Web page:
In the middle of a busy day doing primary care telehealth, we spoke to a man who was living in a hotel.
“You’ve got the right place, doc,” the hotel operator said, clarifying that it wasn’t a wrong number.
After he was discharged from a recent hospital stay, the patient — let’s call him David — had been assigned one of the authors of this op-ed as his new primary care doctor. The Camden Coalition of Healthcare Providers, the organization of the other author, was helping with his case management. Because of the COVID-19 crisis, his first appointment was over the phone.
David had been living in the hotel for the last two weeks. (He agreed to share his story, but preferred we change his name.) He was homeless but had gone to a local emergency department gasping for breath and tested positive for COVID-19.
Now that he was well enough to leave, he had nowhere to go. He had been bouncing around between shelters, friends’ houses, and sleeping outside. None of those places was safe for the 14-day quarantine his doctors recommended. So he went to the hotel, where the county public health department was putting up COVID-19 patients without a home.
At the hotel, he got three meals a day and his medications from the pharmacy. He was thinking about calling relatives he hadn’t seen in months.
He wasn’t sure where he’d go: maybe a friend’s house. Maybe back to a shelter. He hoped he wouldn’t end up on the street. He was stoic: “I’ll figure something out.”
Our patient’s story reveals an uncomfortable truth: We find resources to house the homeless only when they pose a public health threat. But homelessness is its own public health crisis and should be treated with the same urgency with which we’ve addressed the COVID-19 pandemic.
In Camden, we often care for people who don’t have permanent homes. Homelessness is an issue of racial injustice since it disproportionately affects black Americans. It is also an issue of health inequality, a phenomenon well-documented in the medical literature: being homeless puts people’s health at risk.
In a study that followed unsheltered adults — meaning people who primarily slept outdoors and avoided shelters — for 10 years in Boston, researchers found that the mortality rate in this group was almost 10 times higher than the general adult population in Massachusetts. It’s no surprise that people experiencing homelessness are more likely to lack a regular source of health care.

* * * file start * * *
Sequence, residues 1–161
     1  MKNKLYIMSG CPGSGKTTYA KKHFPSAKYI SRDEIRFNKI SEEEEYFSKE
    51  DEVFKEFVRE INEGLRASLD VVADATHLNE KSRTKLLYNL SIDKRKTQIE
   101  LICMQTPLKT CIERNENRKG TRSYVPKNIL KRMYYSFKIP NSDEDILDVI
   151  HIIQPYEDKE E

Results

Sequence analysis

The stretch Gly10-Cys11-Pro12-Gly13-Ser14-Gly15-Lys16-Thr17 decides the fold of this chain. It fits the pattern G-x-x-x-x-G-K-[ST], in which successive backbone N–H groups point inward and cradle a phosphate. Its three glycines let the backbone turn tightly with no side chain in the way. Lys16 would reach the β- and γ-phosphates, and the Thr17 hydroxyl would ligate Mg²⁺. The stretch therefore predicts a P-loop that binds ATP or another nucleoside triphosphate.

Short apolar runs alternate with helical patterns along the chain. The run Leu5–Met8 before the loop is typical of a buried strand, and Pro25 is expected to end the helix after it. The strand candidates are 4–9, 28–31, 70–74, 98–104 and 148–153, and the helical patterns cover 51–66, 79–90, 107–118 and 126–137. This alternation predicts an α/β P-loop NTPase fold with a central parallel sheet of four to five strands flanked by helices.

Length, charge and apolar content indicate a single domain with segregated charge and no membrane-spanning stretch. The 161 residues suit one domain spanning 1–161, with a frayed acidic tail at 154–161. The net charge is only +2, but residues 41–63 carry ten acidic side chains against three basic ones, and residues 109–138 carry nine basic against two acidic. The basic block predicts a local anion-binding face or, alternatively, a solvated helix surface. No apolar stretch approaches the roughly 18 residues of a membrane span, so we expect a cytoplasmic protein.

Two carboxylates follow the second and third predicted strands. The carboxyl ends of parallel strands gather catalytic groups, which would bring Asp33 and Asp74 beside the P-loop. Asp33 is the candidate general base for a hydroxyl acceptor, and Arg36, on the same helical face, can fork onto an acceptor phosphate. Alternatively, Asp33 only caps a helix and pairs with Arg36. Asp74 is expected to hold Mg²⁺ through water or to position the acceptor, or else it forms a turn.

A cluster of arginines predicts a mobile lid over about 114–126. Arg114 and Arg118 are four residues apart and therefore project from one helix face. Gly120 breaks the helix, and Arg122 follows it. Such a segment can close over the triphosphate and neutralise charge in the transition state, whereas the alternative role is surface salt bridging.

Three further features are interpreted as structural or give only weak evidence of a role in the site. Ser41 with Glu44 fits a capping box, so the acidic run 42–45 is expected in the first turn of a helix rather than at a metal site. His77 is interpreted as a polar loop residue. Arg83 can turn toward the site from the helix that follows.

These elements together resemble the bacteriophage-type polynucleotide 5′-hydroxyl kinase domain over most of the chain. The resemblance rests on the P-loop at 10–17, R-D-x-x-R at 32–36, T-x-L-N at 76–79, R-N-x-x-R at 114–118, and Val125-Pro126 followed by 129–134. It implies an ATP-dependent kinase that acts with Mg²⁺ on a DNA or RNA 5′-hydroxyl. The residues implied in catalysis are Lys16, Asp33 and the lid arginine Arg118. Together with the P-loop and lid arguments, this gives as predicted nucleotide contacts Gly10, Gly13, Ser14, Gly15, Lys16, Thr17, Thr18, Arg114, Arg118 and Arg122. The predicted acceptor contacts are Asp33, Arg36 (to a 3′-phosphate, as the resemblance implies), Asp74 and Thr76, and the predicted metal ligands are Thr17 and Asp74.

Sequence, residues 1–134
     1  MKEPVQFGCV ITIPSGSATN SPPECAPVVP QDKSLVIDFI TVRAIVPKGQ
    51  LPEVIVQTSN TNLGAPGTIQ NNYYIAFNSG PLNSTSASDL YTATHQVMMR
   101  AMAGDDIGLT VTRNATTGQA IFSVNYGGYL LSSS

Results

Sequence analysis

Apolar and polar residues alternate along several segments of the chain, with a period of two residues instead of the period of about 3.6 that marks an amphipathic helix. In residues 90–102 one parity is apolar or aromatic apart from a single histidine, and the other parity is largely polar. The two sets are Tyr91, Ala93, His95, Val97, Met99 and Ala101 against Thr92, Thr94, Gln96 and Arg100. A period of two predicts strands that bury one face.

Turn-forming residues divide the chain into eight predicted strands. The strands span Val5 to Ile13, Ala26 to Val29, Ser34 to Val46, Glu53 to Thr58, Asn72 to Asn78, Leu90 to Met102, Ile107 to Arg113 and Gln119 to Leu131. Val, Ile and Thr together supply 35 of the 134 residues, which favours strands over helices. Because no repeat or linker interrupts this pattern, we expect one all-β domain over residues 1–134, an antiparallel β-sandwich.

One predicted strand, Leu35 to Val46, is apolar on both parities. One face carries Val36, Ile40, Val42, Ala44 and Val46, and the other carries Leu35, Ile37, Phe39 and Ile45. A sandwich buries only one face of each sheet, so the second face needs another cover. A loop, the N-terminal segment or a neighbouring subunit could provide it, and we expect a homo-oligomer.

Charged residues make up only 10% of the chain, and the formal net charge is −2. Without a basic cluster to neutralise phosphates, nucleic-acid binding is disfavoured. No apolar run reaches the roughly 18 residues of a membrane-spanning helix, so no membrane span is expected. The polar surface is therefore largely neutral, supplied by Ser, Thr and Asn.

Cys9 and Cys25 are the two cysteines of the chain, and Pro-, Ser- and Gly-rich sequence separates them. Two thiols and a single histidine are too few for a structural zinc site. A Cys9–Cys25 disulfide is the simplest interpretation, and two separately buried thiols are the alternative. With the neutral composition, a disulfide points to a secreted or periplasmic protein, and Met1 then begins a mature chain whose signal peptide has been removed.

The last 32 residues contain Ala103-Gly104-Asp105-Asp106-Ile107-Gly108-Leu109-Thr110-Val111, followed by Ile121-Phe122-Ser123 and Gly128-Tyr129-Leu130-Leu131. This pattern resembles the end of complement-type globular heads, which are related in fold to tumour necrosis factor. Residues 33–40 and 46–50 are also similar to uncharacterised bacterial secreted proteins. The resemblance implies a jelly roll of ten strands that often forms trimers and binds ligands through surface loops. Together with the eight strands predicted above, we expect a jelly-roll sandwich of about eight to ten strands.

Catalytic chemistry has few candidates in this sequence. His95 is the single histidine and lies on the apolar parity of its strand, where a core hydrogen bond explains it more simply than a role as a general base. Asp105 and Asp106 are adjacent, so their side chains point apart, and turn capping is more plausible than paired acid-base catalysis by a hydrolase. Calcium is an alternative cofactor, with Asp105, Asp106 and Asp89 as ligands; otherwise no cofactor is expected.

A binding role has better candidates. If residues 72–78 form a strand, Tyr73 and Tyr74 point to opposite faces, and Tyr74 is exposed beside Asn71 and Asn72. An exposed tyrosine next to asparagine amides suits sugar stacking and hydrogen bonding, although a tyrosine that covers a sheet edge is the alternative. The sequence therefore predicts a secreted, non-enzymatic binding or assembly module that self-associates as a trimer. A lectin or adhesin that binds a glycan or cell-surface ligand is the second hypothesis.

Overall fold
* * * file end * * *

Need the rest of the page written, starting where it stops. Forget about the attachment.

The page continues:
When their health problems become urgent, many homeless individuals go to the emergency department.
One San Francisco study found that homeless people went to emergency departments at a rate three times higher than the general population.
That was the case for David, our patient in Camden. When he started feeling sick, he had no primary care doctor to call, no safe place to recuperate. So he went to the hospital.
But here’s what happened in just two weeks at a hotel: David had a warm bed and healthy food. He had his own physical space to recover and to start thinking about his next steps.
This part of David’s story is also reflected in the data. When communities prioritize safe housing for homeless individuals, their health improves.
Known as “Housing First,” this approach emphasizes stable, long-term housing as a prerequisite for addressing people’s physical and mental health needs. Get a roof over our clients’ heads, Housing First advocates argue, and then they can start taking their cholesterol medicines.
There’s evidence that this approach benefits public health. In the long term, it can also save money for health-care systems.
In one 2009 study, homeless individuals in Chicago hospitals were assigned to one of two groups as they prepared for discharge: they were set up with either stable housing or seen by a social worker who directed them to a temporary shelter. Researchers found that the people in the group who moved into long-term housing had a 24% reduction in subsequent emergency department visits.
But all over the country, we don’t have the Housing First programs or even the housing vouchers that we need. In our tri-county area in South Jersey, there are about least 500 individuals or families waiting for housing vouchers and only about 20 available. It sometimes takes months to match an unsheltered client with permanent housing. While they wait in temporary shelters, their health often worsens.
We weren’t able to offer David a housing solution. He survived COVID-19; his hotel stay helped him get better. Our teams are doing what they can. But until we prioritize long-term housing for our homeless neighbors, David’s health and that of thousands of others will remain at risk.